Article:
Leerkes, E. M., Blankson, A. N., O'Brien, M., Calkins, S. D., and Marcovitch, S. (2011). The relation of maternal emotional and cognitive support during problem solving to pre-academic skills in preschoolers. Infant Child Dev. 20, 353–370. doi: 10.1002/icd.728
Lehrl, S., Kluczniok, K., and Rossbach, H. (2016). Long-term associations of preschool education: the predictive role of preschool quality for the development of mathematical skills through elementary school. Early Child. Res. Q, 36, 475–488. doi: 10.1016/j.ecresq.2016.01.013
Little, T. D., Preacher, K. J., Selig, J. P., and Card, N. A. (2007). New developments in latent variable panel analysis of longitudinal data. Int. J. Behav. Dev. 31, 357–365. doi: 10.1177/0165025407077757
Mattanah, J. F., Pratt, M. W., Cowan, P. A., and Cowan, C. P. (2005). Authoritative parenting, parental scaffolding of long-division mathematics, and children's academic competence in fourth grade. Appl. Dev. Psychol. 26, 85–106. doi: 10.1016/j.appdev.2004.10.007
Meins, E. (1997). Security of attachment and maternal tutoring strategies: interaction within the zone of proximal development. Br. J. Dev. Psychol. 15, 129–144. doi: 10.1111/j.2044-835X.1997.tb00730.x
Melhuish, E. C., Sylva, K., Sammons, P., Siraj-Blatchford, I., Taggart, B., Phan, M. B., et al. (2008). Preschool influences on mathematics achievement. Science 321, 1161–1162. doi: 10.1126/science.1158808
Miyake, A., and Friedman, N. P. (2012). The nature and organization of individual differences in executive functions: four general conclusions. Curr. Dir. Psychol. Sci. 21, 8–14. doi: 10.1177/0963721411429458
Neitzel, C., and Stright, A. D. (2003). Mothers' scaffolding of children's problem solving: establishing a foundation of academic self-regulatory competence. J. Fam. Psychol. 17, 147–159. doi: 10.1037/0893-318.104.22.168
Nesbitt, K. T., Farran, D. C., and Fuhs, M. W. (2015). Executive function skills and academic achievement gains in prekindergarten: contributions of learning-related behaviors. Dev. Psychol. 51, 865–878. doi: 10.1037/dev0000021
NICHD Early Child Care Research Network (2003). Do children's attention processes mediate the link between family predictors and school readiness? Dev. Psychol. 39, 581–593. doi: 10.1037/0012-1622.214.171.1241
Polderman, T. J. C., Posthuma, D., De Sonneville, L. M. J., Stins, J. F., Verhulst, F. C., and Boomsma, D. I. (2007). Genetic analysis of the stability of executive functioning during childhood. Biol. Psychol. 76, 11–20. doi: 10.1016/j.biopsycho.2007.05.002
Pratt, M. W., Green, D., MacVicar, J., and Bountrogianni, M. (1992). The mathematical parent: parental scaffolding, parenting style and learning outcomes in long-division mathematics homework. J. Appl. Dev. Psychol. 13, 17–34. doi: 10.1016/0193-3973(92)90003-Z
Pratt, M. W., Kerig, P., Cowan, P. A., and Cowan, C. P. (1988). Mothers and fathers teaching 3-year-olds: authoritative parenting and adult scaffolding of young children's learning. Dev. Psychol. 24, 832–839. doi: 10.1037/0012-16126.96.36.1992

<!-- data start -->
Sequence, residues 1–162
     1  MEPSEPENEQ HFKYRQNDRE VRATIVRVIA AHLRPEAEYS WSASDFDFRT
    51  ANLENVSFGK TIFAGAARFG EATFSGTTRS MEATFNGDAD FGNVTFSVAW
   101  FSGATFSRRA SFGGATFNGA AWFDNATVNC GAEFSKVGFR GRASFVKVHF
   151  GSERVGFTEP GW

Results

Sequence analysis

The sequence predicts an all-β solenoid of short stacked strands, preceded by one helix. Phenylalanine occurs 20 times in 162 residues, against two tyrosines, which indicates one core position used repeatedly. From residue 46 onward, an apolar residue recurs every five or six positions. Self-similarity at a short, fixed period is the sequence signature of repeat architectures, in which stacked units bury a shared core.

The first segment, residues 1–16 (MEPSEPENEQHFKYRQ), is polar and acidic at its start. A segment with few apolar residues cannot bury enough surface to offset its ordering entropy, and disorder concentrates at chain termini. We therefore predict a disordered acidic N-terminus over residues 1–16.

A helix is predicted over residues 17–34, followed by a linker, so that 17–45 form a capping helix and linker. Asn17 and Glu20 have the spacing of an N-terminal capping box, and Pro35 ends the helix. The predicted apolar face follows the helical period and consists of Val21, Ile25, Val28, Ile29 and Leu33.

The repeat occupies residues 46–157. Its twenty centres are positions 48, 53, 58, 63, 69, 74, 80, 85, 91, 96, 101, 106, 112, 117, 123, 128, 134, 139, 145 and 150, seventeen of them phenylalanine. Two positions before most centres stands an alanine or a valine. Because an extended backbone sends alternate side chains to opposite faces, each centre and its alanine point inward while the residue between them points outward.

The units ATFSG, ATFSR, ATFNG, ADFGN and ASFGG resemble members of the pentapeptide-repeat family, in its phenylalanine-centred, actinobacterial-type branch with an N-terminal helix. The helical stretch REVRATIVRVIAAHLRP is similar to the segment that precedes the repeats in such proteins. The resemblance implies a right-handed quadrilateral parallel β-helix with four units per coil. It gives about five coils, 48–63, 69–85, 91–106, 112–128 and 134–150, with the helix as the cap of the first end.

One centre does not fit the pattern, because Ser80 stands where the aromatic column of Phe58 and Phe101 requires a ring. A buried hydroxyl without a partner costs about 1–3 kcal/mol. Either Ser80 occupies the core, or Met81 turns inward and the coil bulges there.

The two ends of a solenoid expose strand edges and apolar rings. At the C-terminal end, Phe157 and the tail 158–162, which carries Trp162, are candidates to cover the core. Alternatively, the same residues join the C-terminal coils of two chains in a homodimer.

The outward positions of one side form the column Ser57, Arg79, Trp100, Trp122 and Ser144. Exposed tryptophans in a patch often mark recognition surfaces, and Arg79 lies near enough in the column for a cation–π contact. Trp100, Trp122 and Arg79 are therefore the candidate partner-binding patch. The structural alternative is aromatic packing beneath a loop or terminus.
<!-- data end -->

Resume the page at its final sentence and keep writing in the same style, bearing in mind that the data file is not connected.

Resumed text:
Raver, C. C., Jones, S. M., Li-Grining, C., Zhai, F., Bub, K., and Pressler, E. (2011). CSRP's impact on low-income preschoolers' preacademic skills: self-regulation as a mediating mechanism. Child Dev. 82, 362–378. doi: 10.1111/j.1467-8624.2010.01561.x
Roman, G. D., Ensor, R., and Hughes, C. (2016). Does executive function mediate the path from mothers' depressive symptoms to young children's problem behaviors? J. Exp. Child Psychol. 142, 158–170. doi: 10.1016/j.jecp.2015.09.022
Son, S. H., and Morrison, F. J. (2010). The nature and impact of changes in home learning environment on development of language and academic skills in preschool children. Dev. Psychol. 46, 1103–1118. doi: 10.1037/a0020065
Sulik, M. J., Blair, C., Mills-Koonce, R., Berry, D., and Greenberg, M. (2015). Early parenting and the development of externalizing behavior problems: longitudinal mediation through children's executive function. Child Dev. 86, 1588–1603. doi: 10.1111/cdev.12386
Trzaskowski, M., Harlaar, N., Arden, R., Krapohl, E., Rimfeld, K., McMillan, A., et al. (2014). Genetic influences on family socio-economic status and children's intelligence. Intelligence 42, 83–88. doi: 10.1016/j.intell.2013.11.002
Ursache, A., Blair, C., and Raver, C. C. (2012). The promotion of self-regulation as a means of enhancing school readiness and early achievement in children at risk for school failure. Child Dev. Perspect. 6, 122–128. doi: 10.1111/j.1750-8606.2011.00209.x
Vernon-Feagans, L., Willoughby, M., and Garrett-Peters, P. (2016). Predictors of behavioral regulation in Kindergarten: household chaos, parenting and early executive functions. Dev. Psychol. 52, 430–441. doi: 10.1037/dev0000087
Willoughby, M. T., Blair, C. B., Wirth, R. J., and Greenberg, M. (2012). The measurement of executive function at age 5: psychometric properties and relationship to academic achievement. Psychol. Assess. 24, 226–239. doi: 10.1037/a0025361
Keywords: executive function, academic ability, parenting, scaffolding, longitudinal study
Citation: Devine RT, Bignardi G and Hughes C (2016) Executive Function Mediates the Relations between Parental Behaviors and Children's Early Academic Ability. Front. Psychol. 7:1902. doi: 10.3389/fpsyg.2016.01902
Received: 09 September 2016; Accepted: 21 November 2016;
Published: 15 December 2016.
Edited by:Mariette Huizinga, VU University Amsterdam, Netherlands
Reviewed by:Annie Bernier, Université de Montréal, Canada
Loren Vandenbroucke, KU Leuven, Belgium
Hilde Colpin, KU Leuven, Belgium
Copyright © 2016 Devine, Bignardi and Hughes. This is an open-access article distributed under the terms of the Creative Commons Attribution License (CC BY). The use, distribution or reproduction in other forums is permitted, provided the original author(s) or licensor are credited and that the original publication in this journal is cited, in accordance with accepted academic practice. No use, distribution or reproduction is permitted which does not comply with these terms.
*Correspondence: Rory T. Devine, firstname.lastname@example.org